UN rights chief Michelle Bachelet said sanctions had exacerbated the crisis but also slammed Maduro’s “violations of civil and political rights” in her annual report to the UN Human Rights Council in Geneva.
“Venezuela clearly illustrates the way violations of civil and political rights –- including failure to uphold fundamental freedoms, and the independence of key institutions –- can accentuate a decline of economic and social rights,” said former Chile president Bachelet.
Venezuelans have been battered by an economic meltdown, shortages of food and medicine and a bitter political standoff between Maduro and opposition leader Juan Guaido — who has been recognized as interim president by more than 50 countries.
“This situation has been exacerbated by sanctions,” Bachelet said.
Washington, which has recognized Venezuela’s opposition chief Juan Guaido as the country’s leader, imposed sanctions on Venezuela’s state oil company PDVSA last month.
It has also handed Guaido control of Venezuela’s bank accounts in the United States.
The US envoy for the crisis in Venezuela, Elliott Abrams, said Tuesday that Washington was weighing more punitive measures to increase the pressure on Maduro.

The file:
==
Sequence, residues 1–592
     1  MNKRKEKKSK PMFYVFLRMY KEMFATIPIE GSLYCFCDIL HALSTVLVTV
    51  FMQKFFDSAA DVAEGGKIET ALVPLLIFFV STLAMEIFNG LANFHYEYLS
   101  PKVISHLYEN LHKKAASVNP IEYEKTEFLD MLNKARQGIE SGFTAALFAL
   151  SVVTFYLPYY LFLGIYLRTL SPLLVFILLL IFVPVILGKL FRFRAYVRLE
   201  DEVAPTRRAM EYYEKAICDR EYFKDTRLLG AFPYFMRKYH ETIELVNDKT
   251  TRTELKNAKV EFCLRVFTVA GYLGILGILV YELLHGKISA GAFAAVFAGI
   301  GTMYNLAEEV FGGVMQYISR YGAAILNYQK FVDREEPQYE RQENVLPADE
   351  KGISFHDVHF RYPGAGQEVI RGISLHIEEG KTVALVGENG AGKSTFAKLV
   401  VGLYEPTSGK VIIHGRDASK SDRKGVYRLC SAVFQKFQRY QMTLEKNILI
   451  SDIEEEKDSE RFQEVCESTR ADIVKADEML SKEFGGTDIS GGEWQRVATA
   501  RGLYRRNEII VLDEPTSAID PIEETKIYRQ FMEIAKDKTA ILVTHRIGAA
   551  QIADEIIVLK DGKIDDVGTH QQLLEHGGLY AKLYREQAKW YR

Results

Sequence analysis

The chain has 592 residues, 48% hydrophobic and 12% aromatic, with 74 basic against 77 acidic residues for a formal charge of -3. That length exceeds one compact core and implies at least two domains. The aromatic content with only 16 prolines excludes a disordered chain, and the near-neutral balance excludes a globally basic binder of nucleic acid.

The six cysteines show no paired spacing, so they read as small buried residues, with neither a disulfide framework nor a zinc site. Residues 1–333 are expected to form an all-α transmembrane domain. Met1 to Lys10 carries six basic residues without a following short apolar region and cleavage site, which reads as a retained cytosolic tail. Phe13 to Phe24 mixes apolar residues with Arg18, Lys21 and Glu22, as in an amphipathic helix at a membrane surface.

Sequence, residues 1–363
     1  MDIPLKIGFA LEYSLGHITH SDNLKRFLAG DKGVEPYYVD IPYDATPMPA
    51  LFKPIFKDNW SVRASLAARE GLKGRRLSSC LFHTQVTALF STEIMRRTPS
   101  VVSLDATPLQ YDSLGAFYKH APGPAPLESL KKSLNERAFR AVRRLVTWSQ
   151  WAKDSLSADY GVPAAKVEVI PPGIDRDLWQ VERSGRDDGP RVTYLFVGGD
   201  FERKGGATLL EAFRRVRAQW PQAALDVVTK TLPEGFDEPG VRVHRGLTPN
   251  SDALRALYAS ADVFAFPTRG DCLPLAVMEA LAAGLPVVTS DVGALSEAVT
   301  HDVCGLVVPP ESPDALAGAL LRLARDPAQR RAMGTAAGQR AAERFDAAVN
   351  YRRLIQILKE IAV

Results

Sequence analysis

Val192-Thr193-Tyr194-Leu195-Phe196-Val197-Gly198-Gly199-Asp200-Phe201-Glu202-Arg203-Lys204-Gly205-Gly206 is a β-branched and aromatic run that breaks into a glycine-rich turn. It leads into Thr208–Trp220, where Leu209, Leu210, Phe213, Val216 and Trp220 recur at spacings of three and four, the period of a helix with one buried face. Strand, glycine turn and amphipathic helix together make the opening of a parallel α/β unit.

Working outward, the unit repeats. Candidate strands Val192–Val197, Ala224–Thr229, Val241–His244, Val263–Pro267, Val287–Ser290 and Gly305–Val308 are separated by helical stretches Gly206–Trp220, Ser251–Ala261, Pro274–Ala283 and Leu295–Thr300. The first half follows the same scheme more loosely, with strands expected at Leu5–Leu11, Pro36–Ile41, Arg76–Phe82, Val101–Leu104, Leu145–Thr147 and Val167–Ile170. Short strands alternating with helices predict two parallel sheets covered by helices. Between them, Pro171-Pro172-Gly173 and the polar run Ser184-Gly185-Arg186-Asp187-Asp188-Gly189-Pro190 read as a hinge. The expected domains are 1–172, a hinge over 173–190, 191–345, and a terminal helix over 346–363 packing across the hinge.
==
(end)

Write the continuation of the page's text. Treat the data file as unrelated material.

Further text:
Guaido vowed Tuesday to increase pressure on Maduro, who in turn promised to crush a “crazed minority” that wants to remove him from power.
The 35-year-old National Assembly leader returned home to a hero’s welcome on Monday, having defied a ban on leaving the country to embark on a 10-day tour of South American allies. He remains free despite the threat of arrest by the government.
“They thought the pressure had reached its zenith, but it’s only just beginning,” Guaido told reporters.
On Tuesday, a national holiday, he met public sector union leaders.
“Public sector workers have lost practically all their rights, we have no other option but to call for a civic strike,” said Guaido, without giving further details.
Maduro, meanwhile, pressed his supporters to hold “anti-imperialist” marches Saturday to counter fresh protests planned by Guaido.
“Today more than ever, we are victorious against the conspiracy, against blackmail, while a crazy minority continues with their hatred,” he said in his first public comments since Guaido’s return.